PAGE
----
The left’s argument that election integrity is a smoke screen for discrimination is fallacious. And as the Heritage database — and the Ritter and Mason cases — prove, election fraud is a real issue meriting a serious policy response.
Voters who do not cast a ballot during a full federal election cycle are sent a mailer confirming they are still residents of Ohio who wish to remain registered voters. If the mailer is not returned, and if the individual does not vote for the next four years, they are removed from state rolls.
Secretary Condos is either intentionally or unintentionally perpetuating the incorrect understanding that intent to move into a district (or back into a district after having established a primary domicile outside the district) is enough to allow someone onto the voter checklist. It’s not.
This week, the Heritage Foundation added 26 new entries to its election fraud database, bringing the searchable ledger to a total of 1,132 proven instances of election fraud. That includes 983 cases that ended in a criminal conviction.
While I agree that non-residents voting in Vermont elections would dilute the votes of Vermonters, I could not disagree more with Ms. Bucknam’s premise that my office provided guidance to allow or encourage this activity.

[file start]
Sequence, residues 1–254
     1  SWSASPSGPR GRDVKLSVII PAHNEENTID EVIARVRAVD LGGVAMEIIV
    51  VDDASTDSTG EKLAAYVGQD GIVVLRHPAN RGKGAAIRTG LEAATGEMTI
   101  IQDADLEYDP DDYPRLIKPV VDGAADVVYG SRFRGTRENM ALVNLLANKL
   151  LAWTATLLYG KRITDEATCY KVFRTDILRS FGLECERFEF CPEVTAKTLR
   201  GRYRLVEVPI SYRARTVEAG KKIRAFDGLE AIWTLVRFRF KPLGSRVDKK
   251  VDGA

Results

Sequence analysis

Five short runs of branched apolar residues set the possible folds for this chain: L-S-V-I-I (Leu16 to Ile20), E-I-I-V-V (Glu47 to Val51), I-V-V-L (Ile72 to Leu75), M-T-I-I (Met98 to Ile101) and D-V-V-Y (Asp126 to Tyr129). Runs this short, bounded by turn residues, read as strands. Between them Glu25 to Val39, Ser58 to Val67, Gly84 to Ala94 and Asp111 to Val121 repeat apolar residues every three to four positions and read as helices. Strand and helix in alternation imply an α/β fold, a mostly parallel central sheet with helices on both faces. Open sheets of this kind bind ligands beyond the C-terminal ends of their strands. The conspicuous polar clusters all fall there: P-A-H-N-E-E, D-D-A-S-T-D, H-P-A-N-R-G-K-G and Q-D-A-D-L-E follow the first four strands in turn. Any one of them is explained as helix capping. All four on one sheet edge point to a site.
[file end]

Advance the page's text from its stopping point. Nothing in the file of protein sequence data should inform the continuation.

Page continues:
A member of the Board of Civil Authority for the town of Victory says the Secretary of State’s office has not taken responsibility for the town’s election woes, even after a Vermont Superior Court judge ruled that the voter checklist contained unqualified voters and non-residents who voted in recent elections.
The secretary of state’s website provides that individuals with a subjective intent to move to a town are eligible to vote. The website states, “The law creates a subjective standard.” That is not what the law provides.
Vermont Secretary of State Jim Condos waded into election integrity issues Tuesday, announcing his fears that a section of a bill moving through Congress could lead to the policing of polling places by armed Secret Service agents.
A conservative legal group is suing Pennsylvania for records that could show thousands of noncitizen residents registered to vote over the last two decades.
The point at issue here is that the BCA contended that these second-home owners were eligible to vote because they had an “intent” to establish a primary domicile in the district at some point in the future, owned property, and that was enough to give them status to vote. The BCA believed this despite the law.
A ruling by a Vermont Superior Court judge has led to the removal of 13 percent of a small Northeast Kingdom town’s electorate from the voter checklist, a win for plaintiffs who argued that part-time residents are not allowed to vote in Vermont elections.